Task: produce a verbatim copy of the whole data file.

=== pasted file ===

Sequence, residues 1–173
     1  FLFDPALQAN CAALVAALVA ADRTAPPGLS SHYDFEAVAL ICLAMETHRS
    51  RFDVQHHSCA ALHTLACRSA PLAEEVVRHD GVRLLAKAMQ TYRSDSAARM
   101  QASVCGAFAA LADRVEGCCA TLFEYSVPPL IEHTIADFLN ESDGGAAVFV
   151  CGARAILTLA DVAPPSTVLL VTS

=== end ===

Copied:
Sequence, residues 1–173
     1  FLFDPALQAN CAALVAALVA ADRTAPPGLS SHYDFEAVAL ICLAMETHRS
    51  RFDVQHHSCA ALHTLACRSA PLAEEVVRHD GVRLLAKAMQ TYRSDSAARM
   101  QASVCGAFAA LADRVEGCCA TLFEYSVPPL IEHTIADFLN ESDGGAAVFV
   151  CGARAILTLA DVAPPSTVLL VTS